Smoking implicated in half of female bladder cancers

August 25, 2011

Current cigarette smokers have a higher risk of bladder cancer than previously reported, and the risk in women is comparable to that in men, say the authors of a study from the National Cancer Institute, Bethesda, MD.

Current cigarette smokers have a higher risk of bladder cancer than previously reported, and the risk in women is comparable to that in men, say the authors of a study from the National Cancer Institute, Bethesda, MD.

The study, which was published in JAMA (2011; 306:737-45), includes data from more than 450,000 participants in the National Institutes of Health-AARP Diet and Health Study, a questionnaire-based study initiated in 1995 with follow-up through the end of 2006.

The authors say the data indicate that smoking is responsible for about half of female bladder cancer cases, similar to the proportion found in men in current and previous studies. The increase in the proportion of smoking-attributable bladder cancer cases among women may be a result of the increased prevalence of smoking by women, so that men and women are about equally likely to smoke, as observed in the current study and in the U.S. population overall, according to surveillance by the Centers for Disease Control and Prevention.

"Current smokers in our study had a fourfold excess risk of developing bladder cancer, compared to a threefold excess risk in previous studies. The stronger association between smoking and bladder cancer is possibly due to changes in cigarette composition or smoking habits over the years," said first author Neal Freedman, PhD. "Incidence rates of bladder cancer in the United States have been relatively stable over the past 30 years, despite the fact that smoking rates have decreased overall. The higher risk, as compared to studies reported in the mid- to late-1990s, may explain why bladder cancer rates haven’t declined."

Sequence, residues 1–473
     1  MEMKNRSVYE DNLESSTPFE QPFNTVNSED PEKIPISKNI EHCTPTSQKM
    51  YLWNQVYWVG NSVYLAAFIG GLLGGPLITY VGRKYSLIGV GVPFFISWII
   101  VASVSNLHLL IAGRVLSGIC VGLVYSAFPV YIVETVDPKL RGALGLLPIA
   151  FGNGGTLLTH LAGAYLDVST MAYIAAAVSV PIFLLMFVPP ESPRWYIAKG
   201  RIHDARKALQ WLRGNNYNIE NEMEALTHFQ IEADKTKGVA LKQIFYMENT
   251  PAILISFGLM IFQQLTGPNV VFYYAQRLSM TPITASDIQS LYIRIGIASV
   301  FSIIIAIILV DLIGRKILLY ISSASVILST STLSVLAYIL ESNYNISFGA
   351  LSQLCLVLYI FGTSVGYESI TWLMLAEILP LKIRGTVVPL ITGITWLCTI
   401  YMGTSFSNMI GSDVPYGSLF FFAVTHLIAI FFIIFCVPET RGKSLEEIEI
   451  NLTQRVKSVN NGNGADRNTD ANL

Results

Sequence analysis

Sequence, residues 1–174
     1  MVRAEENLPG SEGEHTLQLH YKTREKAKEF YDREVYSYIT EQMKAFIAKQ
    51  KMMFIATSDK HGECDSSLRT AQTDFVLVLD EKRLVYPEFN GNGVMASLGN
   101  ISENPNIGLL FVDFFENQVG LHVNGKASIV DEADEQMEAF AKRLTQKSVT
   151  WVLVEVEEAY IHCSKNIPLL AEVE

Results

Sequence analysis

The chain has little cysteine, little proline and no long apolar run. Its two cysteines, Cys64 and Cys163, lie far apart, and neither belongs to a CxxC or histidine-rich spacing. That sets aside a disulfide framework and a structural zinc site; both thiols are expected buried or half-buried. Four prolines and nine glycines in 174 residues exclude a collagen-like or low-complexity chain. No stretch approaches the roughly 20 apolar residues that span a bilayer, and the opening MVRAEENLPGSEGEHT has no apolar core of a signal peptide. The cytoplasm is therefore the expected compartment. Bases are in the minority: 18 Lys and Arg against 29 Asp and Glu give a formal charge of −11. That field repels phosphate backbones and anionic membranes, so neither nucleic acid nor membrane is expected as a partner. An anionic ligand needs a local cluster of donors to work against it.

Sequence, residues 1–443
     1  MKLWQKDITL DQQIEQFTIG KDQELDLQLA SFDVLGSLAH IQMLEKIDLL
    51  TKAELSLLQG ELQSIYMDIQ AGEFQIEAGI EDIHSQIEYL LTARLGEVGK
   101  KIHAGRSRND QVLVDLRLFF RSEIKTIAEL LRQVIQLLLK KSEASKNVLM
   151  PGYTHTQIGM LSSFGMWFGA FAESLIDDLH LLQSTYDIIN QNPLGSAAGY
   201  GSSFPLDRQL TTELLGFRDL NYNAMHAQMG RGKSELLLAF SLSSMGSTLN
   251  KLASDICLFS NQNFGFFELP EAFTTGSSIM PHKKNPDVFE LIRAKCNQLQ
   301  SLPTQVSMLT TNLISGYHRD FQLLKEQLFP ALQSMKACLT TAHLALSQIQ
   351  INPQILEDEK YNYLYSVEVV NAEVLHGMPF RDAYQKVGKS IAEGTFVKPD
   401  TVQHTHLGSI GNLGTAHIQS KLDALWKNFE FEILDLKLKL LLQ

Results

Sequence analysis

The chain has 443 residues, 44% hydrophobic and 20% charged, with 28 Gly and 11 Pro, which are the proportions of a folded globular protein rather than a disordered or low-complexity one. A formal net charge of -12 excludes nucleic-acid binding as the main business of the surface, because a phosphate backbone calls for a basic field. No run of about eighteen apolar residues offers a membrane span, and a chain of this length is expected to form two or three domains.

In the current study, former smokers were twice as likely to develop bladder cancer as never smokers, and current smokers were four times more likely than those who never smoked. As with many other smoking-related cancers, smoking cessation was associated with reduced bladder cancer risk. Participants who had been smoke-free for at least 10 years had a lower incidence of bladder cancer compared with those who quit for shorter periods of time or who still smoked.